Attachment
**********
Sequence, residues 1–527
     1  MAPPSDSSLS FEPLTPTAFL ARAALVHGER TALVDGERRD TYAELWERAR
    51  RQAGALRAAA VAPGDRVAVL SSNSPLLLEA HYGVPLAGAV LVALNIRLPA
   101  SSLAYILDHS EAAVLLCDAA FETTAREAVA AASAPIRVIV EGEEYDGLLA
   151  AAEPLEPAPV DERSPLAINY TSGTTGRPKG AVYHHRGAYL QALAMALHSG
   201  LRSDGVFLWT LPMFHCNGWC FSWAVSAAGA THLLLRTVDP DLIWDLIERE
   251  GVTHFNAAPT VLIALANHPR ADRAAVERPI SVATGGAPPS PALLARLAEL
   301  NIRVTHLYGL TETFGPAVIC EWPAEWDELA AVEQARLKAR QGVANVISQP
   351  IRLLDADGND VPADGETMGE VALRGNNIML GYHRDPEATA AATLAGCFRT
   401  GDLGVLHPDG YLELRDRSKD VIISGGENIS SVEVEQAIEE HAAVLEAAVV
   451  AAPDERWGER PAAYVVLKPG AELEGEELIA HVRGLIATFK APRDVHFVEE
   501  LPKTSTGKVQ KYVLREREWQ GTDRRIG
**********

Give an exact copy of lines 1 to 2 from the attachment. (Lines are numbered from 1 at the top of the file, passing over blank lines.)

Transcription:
Sequence, residues 1–527
     1  MAPPSDSSLS FEPLTPTAFL ARAALVHGER TALVDGERRD TYAELWERAR